In January 1999 some of my friends got together and published a book called Posthumous Writings and Recollections of Yu Luoke. In this, they did a very good thing for our nation, where people who do not like to repent and are not necessarily good at thinking things over. Faced with a choice of telling the truth or preserving his life, Yu Luoke chose the former, exemplifying the motto "Live free or die." Through his robust character and the majesty of his soul, he exposed the backwardness of China's social system and culture. Is a society that requires a person to choose between freedom of expression and death not much more backward than one in which an individual can speak the truth without fear?

In order to confirm in this great land of China a system that recognizes the right to speak out and the right to disagree, and in which speech is not a crime, we must have people who will continually attack restrictions on free speech and challenge bad laws, and who, by suffering imprisonment, will close off the road to punishment for such "crimes." Before I was arrested, Fu Guoyong, Liu Xiaobo and other brave individuals were accused for speaking out and thrown into prison, and after me, several more were put in chains and jailed for their writings. One can't deny that individuals who are willing to go to prison for speaking the truth are a minority, but this minority is indispensible. Given the size of China, with its population of 1.3 billion, if there are not a few upright and unyielding individuals who are willing to accuse the government in direct and uncertain terms, we should be ashamed of ourselves. Even more significant is the willingness of people to speak out in the face of danger; this will serve as a warning and an inspiration to the world and to our fellow Chinese. Mainland China desperately needs people who will choose to tell the truth and serve time in prison; it is a society in which the right to freedom of speech is trampled by the authorities; and thus it is a society in extreme need of reform. I firmly believe that in this land of ours, even the docile common people hope to see the day when telling the truth will be as commonplace as taking a walk in the park, going to a restaurant for a meal, or going to the movies—when this freedom from fear will not be restricted to the intellectual elite but will be something that any ordinary person who wants to say what he thinks can do so.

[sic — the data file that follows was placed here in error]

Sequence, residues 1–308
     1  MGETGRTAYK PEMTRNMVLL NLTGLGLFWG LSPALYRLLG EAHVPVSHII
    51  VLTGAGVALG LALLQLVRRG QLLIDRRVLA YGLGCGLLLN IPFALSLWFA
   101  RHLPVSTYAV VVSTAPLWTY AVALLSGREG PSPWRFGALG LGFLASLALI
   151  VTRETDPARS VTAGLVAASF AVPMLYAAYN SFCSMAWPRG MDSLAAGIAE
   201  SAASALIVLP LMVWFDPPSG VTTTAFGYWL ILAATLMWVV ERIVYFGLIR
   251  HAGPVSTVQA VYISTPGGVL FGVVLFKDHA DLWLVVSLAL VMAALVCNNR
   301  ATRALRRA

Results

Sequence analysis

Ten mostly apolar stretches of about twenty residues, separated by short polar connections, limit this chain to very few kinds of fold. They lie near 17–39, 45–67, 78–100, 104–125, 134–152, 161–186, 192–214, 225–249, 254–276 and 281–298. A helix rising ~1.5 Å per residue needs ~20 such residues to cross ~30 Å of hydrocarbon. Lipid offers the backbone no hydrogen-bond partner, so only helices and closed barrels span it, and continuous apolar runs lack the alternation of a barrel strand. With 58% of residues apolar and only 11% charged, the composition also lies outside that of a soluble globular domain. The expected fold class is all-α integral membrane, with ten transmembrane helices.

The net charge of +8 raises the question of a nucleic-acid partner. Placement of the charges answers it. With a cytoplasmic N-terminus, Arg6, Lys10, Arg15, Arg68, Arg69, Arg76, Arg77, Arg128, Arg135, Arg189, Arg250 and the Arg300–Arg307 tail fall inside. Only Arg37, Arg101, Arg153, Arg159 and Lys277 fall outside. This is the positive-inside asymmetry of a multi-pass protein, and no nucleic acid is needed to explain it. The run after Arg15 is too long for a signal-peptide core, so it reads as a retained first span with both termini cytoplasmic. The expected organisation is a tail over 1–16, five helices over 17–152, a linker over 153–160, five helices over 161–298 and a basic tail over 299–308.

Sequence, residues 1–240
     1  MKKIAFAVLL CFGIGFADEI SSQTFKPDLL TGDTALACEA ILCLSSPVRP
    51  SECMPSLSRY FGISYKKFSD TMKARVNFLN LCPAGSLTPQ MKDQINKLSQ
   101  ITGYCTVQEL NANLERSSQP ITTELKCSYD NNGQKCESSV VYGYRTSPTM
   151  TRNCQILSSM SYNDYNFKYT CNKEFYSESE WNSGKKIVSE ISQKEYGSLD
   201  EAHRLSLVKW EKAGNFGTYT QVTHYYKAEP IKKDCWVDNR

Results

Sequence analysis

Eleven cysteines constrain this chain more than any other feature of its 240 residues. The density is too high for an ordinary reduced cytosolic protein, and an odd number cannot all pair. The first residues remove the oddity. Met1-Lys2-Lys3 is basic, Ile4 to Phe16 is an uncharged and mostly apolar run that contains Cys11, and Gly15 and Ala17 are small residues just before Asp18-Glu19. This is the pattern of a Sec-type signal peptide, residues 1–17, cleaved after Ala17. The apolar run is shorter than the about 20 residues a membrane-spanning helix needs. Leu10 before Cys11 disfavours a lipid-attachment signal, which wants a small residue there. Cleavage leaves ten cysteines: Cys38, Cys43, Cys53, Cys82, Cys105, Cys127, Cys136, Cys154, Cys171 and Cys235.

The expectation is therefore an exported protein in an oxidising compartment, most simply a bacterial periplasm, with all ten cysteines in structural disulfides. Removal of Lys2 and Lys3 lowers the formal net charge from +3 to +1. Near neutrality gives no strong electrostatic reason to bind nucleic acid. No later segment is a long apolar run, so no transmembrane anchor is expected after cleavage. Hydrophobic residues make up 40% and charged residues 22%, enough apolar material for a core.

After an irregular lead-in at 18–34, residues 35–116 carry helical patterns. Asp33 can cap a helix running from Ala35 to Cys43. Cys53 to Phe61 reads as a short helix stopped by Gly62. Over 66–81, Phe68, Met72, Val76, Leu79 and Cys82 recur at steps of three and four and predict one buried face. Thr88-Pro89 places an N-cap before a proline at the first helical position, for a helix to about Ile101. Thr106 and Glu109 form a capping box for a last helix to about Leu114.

There are some scholars who defend the government's restrictions, saying that treating free speech as a crime has such a long history in China that changing it will be a slow process. Yet everybody knows that hoping for a "slow" process of change is equivalent to doing nothing. The 20th century has already passed, with no change. Do we want to postpone the change for another fifty or a hundred years? Speech restrictions have long been abolished in Hong Kong and Macau, and the ban was lifted in Taiwan more than ten years ago. Why must mainland China still cling to the ban on free speech? In my opinion, the restrictions could be abolished with a simple courageous decision, just as the Qing government ended the punishment of dismemberment with the stroke of a pen in 1895, and as the Chinese government in the Republican period forbad foot binding and castration for creating eunuchs. There is absolutely no excuse for further postponement.

I am not a naturally optimistic person; however, I keep thinking that in the present circumstances, the free speech restrictions are like a broken down old horse that is no longer capable of a long journey. May we ask, in the face of attacks by such people as Wu Zuguang, Xu Liangying, Wang Ruoshui, Ding Zilin, Bao Tong and many others, how much longer can it be maintained? Challenged by the open, freely accessible internet, how many firewalls can stand?